involvement and influence. For change approaches aiming at shaping intended
change outcomes, the usage of system dynamics modeling offers a way to involve
key implementers with the dual purpose of transferring insights from decision
makers to implementers, and having the implementers refine the implementation
process. Anderson and Anderson discuss the need for the creation of change
leaders when starting organizational changes, addressing the issue of change
process to be something that managers have to lead rather than manage.333 Leavitt
discusses the dual role of middle management as managers (respecting
hierarchical decisions) and leaders (leading people).334 The creation of change
leaders requires (on top of a number of personal requirements such as
communication skills, interpersonal skills, etc.) establishment of internal
commitment amongst the people responsible for implementing the change.
Creation of such commitment is often centered on the creation of awareness,
consensus, and confidence regarding the goals and the change process.335
Palmer and Dunford refer to approaches aiming at shaping intended
change outcomes for ‘change management as coaching’, which is the change

331
For a discussion on change strategy taxonomies, see chapter A.II.
332
Palmer, Ian and Richard Dunford: “Who says change can be managed?
Positions, perspectives and problematics”, Strategic Change, Volume 11, August
2002, p. 244.
333
Anderson, Linda A. and Dean Anderson: “Awake at the Wheel: Moving beyond
Change Management to Conscious Change Leadership”, OD Practitioner,
Vol. 33, No. 3, 2001, p. 45.
334
Leavitt, Harold J.: Top Down – Why Hierarchies Are Here to Stay and How to
Manage Them More Effectively, Boston, 2005, pp. 164—168.
335
According to Akkermans, Henk: Modelling With Managers, Breda, p. 20, the
efforts of establishing internal commitment in organizational interventions are
often centered on the creation of awareness, consensus, and confidence
regarding the goals and the change process
D. The Usage and Utility of Participative Modeling in Change Management 121

approach that overlaps most with organizational development and action


research, and the strategy typically recommended in the prescriptive, normative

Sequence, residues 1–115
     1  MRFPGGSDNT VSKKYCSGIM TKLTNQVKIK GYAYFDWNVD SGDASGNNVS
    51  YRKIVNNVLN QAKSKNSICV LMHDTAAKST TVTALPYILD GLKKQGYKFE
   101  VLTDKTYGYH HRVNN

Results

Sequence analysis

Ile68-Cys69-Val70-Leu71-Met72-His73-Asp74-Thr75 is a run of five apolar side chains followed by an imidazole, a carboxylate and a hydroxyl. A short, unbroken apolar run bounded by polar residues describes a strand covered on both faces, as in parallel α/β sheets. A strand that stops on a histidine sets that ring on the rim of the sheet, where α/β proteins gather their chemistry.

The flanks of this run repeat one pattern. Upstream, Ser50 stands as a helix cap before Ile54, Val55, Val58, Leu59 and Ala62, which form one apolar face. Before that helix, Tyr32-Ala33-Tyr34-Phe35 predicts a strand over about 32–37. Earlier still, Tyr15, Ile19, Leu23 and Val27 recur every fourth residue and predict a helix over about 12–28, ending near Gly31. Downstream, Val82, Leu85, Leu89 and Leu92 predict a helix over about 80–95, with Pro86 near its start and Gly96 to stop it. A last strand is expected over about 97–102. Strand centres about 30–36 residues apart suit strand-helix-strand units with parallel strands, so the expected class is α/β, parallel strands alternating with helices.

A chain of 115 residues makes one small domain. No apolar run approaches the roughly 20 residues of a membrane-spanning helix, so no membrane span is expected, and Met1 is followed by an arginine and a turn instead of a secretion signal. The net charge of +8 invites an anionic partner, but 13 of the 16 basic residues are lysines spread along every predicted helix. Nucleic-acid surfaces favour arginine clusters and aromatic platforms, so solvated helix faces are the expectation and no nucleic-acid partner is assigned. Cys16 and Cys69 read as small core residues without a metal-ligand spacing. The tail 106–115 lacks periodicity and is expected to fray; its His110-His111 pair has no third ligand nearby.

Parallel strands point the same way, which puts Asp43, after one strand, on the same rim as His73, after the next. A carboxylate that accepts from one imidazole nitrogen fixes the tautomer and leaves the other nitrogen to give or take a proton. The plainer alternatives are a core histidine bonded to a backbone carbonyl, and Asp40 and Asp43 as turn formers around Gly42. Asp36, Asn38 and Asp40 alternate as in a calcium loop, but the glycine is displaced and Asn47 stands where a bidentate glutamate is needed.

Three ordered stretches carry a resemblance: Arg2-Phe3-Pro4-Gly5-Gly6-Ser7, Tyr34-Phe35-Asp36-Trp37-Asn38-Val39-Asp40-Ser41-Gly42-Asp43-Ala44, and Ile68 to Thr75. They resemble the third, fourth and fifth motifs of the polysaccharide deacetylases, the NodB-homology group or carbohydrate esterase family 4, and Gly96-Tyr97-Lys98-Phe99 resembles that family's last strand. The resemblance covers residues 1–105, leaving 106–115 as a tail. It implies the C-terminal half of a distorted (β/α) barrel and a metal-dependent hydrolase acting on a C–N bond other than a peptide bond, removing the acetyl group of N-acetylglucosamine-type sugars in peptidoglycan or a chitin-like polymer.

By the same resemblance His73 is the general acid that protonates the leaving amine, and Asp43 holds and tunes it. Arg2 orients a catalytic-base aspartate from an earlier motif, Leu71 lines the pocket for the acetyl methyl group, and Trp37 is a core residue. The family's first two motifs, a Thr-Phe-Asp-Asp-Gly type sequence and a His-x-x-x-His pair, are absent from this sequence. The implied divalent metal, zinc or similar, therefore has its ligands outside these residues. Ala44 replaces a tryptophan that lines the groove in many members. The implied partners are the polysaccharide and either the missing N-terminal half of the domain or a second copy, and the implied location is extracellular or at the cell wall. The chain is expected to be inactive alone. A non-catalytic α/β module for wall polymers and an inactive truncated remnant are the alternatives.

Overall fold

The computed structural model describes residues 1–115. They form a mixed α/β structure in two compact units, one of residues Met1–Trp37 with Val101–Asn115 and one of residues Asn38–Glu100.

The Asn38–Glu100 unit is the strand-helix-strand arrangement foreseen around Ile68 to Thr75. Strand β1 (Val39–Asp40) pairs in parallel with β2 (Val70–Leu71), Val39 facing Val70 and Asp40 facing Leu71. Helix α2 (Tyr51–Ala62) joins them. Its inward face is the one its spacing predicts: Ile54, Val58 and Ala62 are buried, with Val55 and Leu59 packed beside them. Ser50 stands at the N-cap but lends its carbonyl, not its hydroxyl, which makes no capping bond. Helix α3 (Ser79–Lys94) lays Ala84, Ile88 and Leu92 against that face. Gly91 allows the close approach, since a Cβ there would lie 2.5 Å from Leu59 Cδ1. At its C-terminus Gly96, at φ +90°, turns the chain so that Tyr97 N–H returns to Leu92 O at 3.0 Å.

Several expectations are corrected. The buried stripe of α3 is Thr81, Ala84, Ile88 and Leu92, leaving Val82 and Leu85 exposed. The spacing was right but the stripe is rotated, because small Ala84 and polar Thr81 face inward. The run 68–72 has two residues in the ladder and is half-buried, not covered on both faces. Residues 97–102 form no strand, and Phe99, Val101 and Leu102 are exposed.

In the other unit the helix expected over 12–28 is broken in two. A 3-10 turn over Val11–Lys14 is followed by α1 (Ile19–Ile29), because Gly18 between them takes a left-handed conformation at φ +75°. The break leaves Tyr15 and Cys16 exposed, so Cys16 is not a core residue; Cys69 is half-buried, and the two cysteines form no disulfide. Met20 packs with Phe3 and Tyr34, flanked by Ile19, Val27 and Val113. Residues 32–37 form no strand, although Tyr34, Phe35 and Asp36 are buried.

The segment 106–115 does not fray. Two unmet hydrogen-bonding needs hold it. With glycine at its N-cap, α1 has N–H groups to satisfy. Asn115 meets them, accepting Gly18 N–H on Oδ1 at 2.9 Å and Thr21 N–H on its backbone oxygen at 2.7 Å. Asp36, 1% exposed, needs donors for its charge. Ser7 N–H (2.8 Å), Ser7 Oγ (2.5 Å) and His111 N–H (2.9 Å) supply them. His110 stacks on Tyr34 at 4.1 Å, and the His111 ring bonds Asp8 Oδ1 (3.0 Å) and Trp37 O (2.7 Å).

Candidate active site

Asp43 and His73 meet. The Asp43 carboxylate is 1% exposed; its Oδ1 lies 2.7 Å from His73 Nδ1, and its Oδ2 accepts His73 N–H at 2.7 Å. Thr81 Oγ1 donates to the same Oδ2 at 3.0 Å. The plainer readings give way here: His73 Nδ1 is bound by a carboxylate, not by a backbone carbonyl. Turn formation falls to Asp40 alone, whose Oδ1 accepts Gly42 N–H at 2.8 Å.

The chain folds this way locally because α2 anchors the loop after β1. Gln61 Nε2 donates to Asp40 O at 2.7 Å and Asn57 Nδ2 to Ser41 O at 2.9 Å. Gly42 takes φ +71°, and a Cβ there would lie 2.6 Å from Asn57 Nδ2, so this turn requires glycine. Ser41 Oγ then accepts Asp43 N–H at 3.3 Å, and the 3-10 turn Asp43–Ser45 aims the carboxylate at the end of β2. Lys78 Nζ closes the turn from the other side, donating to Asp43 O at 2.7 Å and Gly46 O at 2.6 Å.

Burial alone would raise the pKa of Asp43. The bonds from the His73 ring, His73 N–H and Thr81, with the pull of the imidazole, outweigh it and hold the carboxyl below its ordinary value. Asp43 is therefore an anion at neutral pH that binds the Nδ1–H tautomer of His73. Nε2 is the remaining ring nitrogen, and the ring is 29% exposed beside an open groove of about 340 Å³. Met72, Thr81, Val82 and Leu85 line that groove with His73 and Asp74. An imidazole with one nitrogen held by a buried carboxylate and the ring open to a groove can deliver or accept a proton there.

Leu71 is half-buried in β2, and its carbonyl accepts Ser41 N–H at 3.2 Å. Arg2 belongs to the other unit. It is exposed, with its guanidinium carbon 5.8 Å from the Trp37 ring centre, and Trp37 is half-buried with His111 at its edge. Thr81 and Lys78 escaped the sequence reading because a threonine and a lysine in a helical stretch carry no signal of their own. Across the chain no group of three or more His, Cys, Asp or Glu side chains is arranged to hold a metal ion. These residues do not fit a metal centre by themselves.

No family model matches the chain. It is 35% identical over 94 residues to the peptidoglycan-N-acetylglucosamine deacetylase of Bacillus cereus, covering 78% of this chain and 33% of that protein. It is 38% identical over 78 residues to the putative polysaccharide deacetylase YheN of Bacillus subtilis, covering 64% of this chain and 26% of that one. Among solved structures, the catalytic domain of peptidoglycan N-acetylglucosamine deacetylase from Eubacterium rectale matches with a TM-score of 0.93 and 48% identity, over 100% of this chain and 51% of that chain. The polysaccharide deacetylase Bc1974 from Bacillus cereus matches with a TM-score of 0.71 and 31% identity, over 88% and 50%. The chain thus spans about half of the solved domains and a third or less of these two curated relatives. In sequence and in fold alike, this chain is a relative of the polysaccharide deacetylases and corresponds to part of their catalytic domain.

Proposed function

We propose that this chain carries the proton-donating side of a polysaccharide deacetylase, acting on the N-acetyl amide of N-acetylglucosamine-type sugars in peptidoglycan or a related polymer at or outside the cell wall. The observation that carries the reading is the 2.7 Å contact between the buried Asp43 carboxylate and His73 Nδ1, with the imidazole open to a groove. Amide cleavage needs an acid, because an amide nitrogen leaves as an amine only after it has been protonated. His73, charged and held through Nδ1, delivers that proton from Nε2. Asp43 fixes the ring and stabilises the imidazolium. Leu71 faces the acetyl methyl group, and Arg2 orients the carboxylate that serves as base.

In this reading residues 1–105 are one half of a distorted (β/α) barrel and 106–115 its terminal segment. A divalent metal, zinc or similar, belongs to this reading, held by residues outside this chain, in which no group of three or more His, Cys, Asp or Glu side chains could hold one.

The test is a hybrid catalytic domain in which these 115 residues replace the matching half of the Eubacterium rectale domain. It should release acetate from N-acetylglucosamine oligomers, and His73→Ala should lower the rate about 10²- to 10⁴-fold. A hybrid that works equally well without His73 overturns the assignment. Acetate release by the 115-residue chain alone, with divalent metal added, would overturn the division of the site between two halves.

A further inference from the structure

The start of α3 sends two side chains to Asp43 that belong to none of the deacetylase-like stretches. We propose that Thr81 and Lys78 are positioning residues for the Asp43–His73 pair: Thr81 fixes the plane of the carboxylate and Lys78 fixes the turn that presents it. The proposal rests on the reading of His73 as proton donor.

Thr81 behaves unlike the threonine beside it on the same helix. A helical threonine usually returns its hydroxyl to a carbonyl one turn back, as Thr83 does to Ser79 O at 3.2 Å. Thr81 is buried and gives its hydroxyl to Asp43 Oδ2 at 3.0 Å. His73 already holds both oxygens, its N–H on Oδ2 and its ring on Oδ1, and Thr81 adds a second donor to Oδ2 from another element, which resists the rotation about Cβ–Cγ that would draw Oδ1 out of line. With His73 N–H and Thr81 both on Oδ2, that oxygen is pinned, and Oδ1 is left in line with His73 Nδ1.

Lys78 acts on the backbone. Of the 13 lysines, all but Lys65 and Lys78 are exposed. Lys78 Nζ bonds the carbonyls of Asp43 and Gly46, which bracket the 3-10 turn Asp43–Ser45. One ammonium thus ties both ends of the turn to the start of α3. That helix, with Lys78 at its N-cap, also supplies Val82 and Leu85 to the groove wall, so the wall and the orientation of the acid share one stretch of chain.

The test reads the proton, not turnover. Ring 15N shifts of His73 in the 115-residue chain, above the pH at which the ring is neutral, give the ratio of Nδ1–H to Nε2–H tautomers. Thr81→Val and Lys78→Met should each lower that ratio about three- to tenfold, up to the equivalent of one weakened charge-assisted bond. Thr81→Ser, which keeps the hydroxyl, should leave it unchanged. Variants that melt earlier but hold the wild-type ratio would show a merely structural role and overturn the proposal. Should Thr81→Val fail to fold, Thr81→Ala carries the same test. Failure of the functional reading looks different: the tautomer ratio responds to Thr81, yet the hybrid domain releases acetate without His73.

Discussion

management literature on change management.336 They also introduce a change
approach called ‘change management as interpreting’ dealing with shaping
partially intended outcome, placing managers in the role of sense-makers in
organizational environments where different meanings and related change
intentions are competing to be implemented. Winch and Derrick discuss the
interpreting type of intervention dealing with knotty problems, where not only the
problem or system to be studied is characterized by structural and dynamic
complexity, but the complexity also characterizes the intervention itself.337 For
this change approach, the usage of system dynamics modeling has a stronger
traditional exploratory focus, compared to usage in coaching approaches aimed at
transforming the managers responsible for the implementation into change
leaders pursuing already outlined targets.
Besides the change approach, the characteristics of the problem at hand
also determine the appropriateness of using system dynamics modeling. The
model in the case study is a simple system dynamics model primarily focused on
the problematics of delays in aging chains, displaying no significant feedback
loops. The insights gained in the project were only to a small extent directly
related to the behavior of the model. The main part of the learning and consensus
building took place as a result of the process around the model building, e.g. the
quantification and the discussions of the importance of the different parameters
leading to discussions of best practices. It is difficult to know, however, if
problems requiring much more complex models can also benefit from using

336
Although action research has it origin from micro-organizational issues with
much of the earlier literature primarily discussing changes of group behavior, the
field of organizational development has included a whole range of techniques to
adjust the theories of action research to be suitable for large-scale changes in
organizations. Practically all of the literature from Lewin, Argyris and Schein
used in this dissertation discuss mostly interventions on group level. For the
evolution of action research in the organizational development literature, see
Palmer, Ian and Richard Dunford: “Who says change can be managed?
Positions, perspectives and problematics”, Strategic Change, Volume 11, August
2002, p. 247.
337
Winch, Graham and Sonja Derrick: “Flexible Study Processes in ‘Knotty’ System
Dynamics Projects”, Journal of Systems Research and Behavioral Science,
Vol. 23, No. 4, in print, 2006, pp. 1—2.
122 D. The Usage and Utility of Participative Modeling in Change Management

system dynamics modeling in a change management perspective, although it


seems fair to assume that such complexity will result in a number of challenges